Finding the right show opportunities at the right venues can be trickier than one may expect. Outside of major cities like New York City and Los Angeles, many rising musicians are limited in the number of venues in their area, especially ones that are conducive to their particular style of music. The bigger venues tend to ignore the little guys who have smaller fanbases and lack the resources offered by labels and booking agents. However, just because you don’t have national tours and years of experience under your belt doesn’t mean you shouldn’t have access to great performance opportunities.
Being a great performer is the first and most essential step in getting the chance to show your worth onstage, but there are several strategies you can use to boost your resume with great first gigs.
1. Contact local colleges/universities
We’ve written about the numerous benefits that come with performing at colleges and universities, such as reaching a young demographic of frequent music consumers and the potential financial gains. Too many artists don’t take the time to email student organizers with performance inquiries, and they're missing out.
Having a well-respected reputation and local buzz will play a large role in being selected for college opportunities, but it's worth pulling every string to show curators why your music would make a great fit for their event. The size of the audience may vary from show to show, but colleges are one of the best locales for music outside of your standard bar/restaurant type venue, and dedicating the time to contacting them will pay off.
2. Collaborate with boutiques or apparel stores
The relationship between music and fashion has only strengthened over the years, and this intersection of cultural collaboration exists in many forms beyond the big brands known around the world. Local boutiques and apparel stores are always looking for new ways to draw in potential customers, and many times, this involves promotion beyond the items stocked on their shelves. Organizing small shows fitting for the store space result in an intimate listening experience for the attendees, and there's no reason why you can’t be the artist providing the entertainment for the night.
Visit different clothing stores in your area that are aligned with the type of music you create (e.g., hip-hop/street wear), and try to develop a genuine relationship with the managers who own the business. (That doesn’t involve you begging to perform!) Not every apparel shop throws events, but do your due diligence and find out the ones that do. If you can connect with them on both a personal and professional level and they like your music, a show opportunity is bound to open up for you.
3. Research house parties
It's commonly assumed that house party music comes from the person with the aux cord and a Spotify playlist fitting the vibe of the evening. However, the trend of people craving to be show curators continues to grow, and many folks are opening up their own homes to act as the venue for performances.
Attend one of their shows and see if you can trust how the party operates; the last thing you want is for the police to knock on the door right before your performance. Once you experience one of the shows as a fan and it passes the test, prepare a performance that involves a lot of engagement, because these kinds of shows thrive on human interaction. No stages, no pedestals, just a great opportunity for you to gain fans. If you have a band you can rock with, the performance will be even more powerful!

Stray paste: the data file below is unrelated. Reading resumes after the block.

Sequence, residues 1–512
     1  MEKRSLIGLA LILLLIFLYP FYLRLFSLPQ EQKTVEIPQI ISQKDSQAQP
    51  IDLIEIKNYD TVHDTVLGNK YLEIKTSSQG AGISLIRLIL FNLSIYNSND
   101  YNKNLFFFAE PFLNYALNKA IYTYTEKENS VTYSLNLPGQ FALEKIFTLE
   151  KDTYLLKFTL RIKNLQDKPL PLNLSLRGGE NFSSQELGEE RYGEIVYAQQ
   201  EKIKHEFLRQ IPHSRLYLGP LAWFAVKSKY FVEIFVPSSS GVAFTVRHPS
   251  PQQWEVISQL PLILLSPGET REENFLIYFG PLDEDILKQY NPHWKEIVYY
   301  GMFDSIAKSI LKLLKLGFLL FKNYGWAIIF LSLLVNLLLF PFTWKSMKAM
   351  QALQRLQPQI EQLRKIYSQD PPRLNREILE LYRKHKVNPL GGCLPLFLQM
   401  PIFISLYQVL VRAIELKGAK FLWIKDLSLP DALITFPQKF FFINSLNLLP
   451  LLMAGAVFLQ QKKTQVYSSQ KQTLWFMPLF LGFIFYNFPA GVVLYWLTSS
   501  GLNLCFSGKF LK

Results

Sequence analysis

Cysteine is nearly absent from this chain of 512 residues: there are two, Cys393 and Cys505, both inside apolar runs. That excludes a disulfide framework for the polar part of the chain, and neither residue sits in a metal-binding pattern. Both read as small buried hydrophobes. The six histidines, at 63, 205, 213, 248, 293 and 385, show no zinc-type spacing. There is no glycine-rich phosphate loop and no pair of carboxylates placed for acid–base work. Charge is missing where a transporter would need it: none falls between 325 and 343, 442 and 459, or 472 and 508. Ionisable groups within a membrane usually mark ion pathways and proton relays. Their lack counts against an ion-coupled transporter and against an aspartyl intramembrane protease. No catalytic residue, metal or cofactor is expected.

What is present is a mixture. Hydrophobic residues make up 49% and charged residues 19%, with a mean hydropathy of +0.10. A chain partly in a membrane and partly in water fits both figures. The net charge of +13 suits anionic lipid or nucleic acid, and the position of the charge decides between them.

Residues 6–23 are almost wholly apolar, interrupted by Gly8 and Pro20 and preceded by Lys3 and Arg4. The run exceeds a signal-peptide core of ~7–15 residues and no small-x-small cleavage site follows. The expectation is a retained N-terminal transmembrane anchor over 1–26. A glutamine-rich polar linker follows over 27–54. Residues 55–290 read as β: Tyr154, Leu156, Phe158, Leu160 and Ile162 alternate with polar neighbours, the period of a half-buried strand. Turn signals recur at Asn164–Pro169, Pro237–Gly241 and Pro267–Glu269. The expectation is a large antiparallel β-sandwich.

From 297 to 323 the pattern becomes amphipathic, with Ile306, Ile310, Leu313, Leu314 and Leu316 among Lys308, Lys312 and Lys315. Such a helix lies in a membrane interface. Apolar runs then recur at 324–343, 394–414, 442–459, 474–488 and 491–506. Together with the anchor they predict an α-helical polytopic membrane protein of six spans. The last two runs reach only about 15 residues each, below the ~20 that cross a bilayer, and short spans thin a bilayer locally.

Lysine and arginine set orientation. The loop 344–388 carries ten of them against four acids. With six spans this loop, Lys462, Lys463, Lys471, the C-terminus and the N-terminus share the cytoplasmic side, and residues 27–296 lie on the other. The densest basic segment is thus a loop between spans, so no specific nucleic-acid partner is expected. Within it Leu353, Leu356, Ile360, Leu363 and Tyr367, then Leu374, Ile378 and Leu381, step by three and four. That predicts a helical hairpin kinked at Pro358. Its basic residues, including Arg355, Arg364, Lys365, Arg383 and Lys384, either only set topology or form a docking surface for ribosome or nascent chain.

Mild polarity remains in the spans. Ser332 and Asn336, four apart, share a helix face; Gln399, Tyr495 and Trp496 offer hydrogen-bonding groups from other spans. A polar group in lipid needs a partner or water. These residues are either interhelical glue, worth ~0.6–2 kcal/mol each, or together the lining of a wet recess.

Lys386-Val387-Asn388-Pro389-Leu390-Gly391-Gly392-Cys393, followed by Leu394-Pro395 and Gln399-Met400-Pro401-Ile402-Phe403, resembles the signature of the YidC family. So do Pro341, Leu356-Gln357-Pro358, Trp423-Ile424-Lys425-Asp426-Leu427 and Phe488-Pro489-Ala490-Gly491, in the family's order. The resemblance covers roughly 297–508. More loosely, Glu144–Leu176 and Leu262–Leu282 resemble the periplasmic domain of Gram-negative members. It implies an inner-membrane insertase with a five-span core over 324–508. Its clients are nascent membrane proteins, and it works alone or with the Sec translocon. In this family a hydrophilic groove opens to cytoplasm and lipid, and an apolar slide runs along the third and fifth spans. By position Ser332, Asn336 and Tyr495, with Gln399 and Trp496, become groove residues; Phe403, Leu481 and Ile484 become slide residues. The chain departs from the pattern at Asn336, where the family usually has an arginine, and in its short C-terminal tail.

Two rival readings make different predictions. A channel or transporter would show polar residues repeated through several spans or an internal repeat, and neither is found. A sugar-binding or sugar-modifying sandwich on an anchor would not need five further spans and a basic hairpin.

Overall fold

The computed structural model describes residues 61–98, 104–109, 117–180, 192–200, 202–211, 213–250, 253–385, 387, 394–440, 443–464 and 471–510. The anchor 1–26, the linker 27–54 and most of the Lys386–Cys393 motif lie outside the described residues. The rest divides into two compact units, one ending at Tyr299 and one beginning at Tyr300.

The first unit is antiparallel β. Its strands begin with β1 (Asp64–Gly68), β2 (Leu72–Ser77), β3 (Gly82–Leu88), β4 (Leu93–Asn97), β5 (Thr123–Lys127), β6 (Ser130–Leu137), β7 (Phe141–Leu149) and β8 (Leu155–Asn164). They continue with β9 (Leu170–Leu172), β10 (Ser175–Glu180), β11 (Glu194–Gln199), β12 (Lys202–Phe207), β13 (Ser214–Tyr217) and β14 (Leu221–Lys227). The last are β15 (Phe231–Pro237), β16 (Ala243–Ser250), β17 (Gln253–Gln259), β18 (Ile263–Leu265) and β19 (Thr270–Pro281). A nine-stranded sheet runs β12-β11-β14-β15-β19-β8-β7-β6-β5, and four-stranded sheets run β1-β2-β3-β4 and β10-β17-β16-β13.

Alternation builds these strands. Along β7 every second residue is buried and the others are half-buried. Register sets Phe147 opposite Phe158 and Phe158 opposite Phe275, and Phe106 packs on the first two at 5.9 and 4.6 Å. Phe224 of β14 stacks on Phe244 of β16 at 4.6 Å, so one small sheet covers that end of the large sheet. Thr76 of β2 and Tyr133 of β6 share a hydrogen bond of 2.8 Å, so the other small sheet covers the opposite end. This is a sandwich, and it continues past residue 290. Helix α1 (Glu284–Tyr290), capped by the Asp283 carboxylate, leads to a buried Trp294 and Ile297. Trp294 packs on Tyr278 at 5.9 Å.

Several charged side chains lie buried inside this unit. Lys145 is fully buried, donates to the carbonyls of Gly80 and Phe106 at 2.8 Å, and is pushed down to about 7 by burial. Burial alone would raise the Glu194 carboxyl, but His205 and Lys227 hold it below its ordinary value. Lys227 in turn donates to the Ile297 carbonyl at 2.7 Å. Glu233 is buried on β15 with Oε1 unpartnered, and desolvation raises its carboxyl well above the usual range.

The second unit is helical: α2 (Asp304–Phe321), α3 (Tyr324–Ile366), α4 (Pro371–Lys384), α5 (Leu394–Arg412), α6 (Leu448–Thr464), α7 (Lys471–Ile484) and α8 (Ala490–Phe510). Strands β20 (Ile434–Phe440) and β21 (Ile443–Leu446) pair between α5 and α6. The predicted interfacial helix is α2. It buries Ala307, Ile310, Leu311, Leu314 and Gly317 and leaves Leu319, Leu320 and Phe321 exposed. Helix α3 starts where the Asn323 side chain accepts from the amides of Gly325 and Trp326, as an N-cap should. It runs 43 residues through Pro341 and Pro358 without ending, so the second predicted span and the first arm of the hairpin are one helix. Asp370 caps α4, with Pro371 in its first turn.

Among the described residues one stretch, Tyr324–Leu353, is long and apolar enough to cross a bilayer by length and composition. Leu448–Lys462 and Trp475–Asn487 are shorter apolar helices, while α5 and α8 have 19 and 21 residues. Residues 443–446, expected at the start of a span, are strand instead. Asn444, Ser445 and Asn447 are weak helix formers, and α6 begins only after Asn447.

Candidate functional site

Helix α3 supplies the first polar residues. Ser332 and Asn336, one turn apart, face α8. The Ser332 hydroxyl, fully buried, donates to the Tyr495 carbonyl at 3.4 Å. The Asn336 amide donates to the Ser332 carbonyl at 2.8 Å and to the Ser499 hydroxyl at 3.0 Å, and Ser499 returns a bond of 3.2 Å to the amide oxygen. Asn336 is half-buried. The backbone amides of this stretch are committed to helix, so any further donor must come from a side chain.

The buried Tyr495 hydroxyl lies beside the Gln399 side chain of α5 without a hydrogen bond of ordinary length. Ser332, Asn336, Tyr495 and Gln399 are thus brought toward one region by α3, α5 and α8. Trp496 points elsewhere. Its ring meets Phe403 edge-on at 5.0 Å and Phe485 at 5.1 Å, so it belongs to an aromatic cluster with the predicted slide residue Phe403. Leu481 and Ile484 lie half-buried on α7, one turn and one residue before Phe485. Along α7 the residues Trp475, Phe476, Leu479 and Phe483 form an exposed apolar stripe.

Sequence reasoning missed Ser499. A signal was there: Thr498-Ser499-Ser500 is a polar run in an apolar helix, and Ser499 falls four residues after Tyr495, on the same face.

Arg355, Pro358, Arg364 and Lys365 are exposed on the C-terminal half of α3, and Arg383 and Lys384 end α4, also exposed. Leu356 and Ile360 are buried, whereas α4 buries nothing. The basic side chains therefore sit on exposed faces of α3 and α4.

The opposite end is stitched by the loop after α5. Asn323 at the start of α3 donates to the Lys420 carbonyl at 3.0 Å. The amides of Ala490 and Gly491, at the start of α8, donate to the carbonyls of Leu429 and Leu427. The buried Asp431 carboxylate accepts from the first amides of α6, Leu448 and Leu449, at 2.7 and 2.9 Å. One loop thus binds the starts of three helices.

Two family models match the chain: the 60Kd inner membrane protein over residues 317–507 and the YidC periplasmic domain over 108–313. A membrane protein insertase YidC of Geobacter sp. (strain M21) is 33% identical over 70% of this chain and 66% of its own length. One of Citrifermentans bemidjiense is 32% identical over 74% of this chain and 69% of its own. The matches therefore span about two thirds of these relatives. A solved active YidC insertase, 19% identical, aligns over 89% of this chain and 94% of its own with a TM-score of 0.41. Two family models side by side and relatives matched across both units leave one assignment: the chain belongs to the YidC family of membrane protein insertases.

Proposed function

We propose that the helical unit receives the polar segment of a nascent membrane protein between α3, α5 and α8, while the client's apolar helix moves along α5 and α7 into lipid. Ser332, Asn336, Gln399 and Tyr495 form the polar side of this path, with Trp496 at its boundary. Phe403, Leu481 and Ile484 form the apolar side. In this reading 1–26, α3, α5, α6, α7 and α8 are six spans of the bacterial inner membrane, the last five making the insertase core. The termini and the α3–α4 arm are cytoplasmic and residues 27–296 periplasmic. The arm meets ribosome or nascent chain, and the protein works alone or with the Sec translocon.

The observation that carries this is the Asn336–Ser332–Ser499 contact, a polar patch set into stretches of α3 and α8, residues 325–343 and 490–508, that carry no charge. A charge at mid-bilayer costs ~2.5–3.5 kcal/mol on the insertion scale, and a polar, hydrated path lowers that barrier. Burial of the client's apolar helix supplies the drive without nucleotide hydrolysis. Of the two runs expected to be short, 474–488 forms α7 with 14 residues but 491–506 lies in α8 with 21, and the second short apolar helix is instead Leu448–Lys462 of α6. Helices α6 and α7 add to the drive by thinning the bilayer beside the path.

4. Visit youth centers
Children have the most creative minds of all, and they have a constant desire to learn and experience new things. Believe it or not, you hold the power to inspire the youth and future of our generation by sharing your gift with them as a musician. And because youth centers are often overlooked as a potential destination for live performances, there tends to be more potential for putting together events that can be appreciated by people of all ages and musical tastes. So many kids aspire to be like the artists they idolize, and you can show them that taking the steps toward your shared dream is attainable through hard work and being a good person.
Getting in tune with your younger self can be an invaluable experience, and performing at youth centers, schools, or any location where children are present is something you’ll be proud to share and will be a vital part of your artistic growth throughout your career.
5. Find outdoor performance opportunities
Hitting the same stages over and over again will eventually bore your fans who come out to support you, and the summer months provide a great opportunity to switch things up and deliver a fun social gathering. The process of finalizing the logistics of outdoor shows will be a longer and perhaps more stressful process, but it proves to be worth it when you can bring people together in a fitting setting – and they’ll remember you for it. Sharing your music in front of smiling faces is certainly an ideal scenario, so be sure to research all of the outdoor music events occurring in your area and take all the steps necessary to submit a performance inquiry.
Eric Bernsen is a marketing/public relations professional and music journalist who specializes in the genre of hip-hop. You can find more of his work at HITPmusic.com (where he is an editor/writer) as well as HipHop-N-More.com, where he contributes album reviews. Follow Eric on Twitter @ebernsen.